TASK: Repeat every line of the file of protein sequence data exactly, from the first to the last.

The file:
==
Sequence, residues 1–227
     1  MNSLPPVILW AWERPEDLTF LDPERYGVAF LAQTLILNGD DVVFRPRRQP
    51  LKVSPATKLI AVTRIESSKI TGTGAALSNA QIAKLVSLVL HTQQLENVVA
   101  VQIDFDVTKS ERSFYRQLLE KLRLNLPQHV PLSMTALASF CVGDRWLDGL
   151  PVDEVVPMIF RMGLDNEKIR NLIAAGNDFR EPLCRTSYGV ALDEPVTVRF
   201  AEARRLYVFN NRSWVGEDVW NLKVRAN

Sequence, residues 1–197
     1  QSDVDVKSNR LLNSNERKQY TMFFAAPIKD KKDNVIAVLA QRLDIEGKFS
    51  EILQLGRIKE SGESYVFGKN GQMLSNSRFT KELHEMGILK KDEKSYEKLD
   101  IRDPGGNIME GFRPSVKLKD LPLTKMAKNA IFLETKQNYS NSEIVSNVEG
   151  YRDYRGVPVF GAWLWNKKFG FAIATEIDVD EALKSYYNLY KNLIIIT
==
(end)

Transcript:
Sequence, residues 1–227
     1  MNSLPPVILW AWERPEDLTF LDPERYGVAF LAQTLILNGD DVVFRPRRQP
    51  LKVSPATKLI AVTRIESSKI TGTGAALSNA QIAKLVSLVL HTQQLENVVA
   101  VQIDFDVTKS ERSFYRQLLE KLRLNLPQHV PLSMTALASF CVGDRWLDGL
   151  PVDEVVPMIF RMGLDNEKIR NLIAAGNDFR EPLCRTSYGV ALDEPVTVRF
   201  AEARRLYVFN NRSWVGEDVW NLKVRAN

Sequence, residues 1–197
     1  QSDVDVKSNR LLNSNERKQY TMFFAAPIKD KKDNVIAVLA QRLDIEGKFS
    51  EILQLGRIKE SGESYVFGKN GQMLSNSRFT KELHEMGILK KDEKSYEKLD
   101  IRDPGGNIME GFRPSVKLKD LPLTKMAKNA IFLETKQNYS NSEIVSNVEG
   151  YRDYRGVPVF GAWLWNKKFG FAIATEIDVD EALKSYYNLY KNLIIIT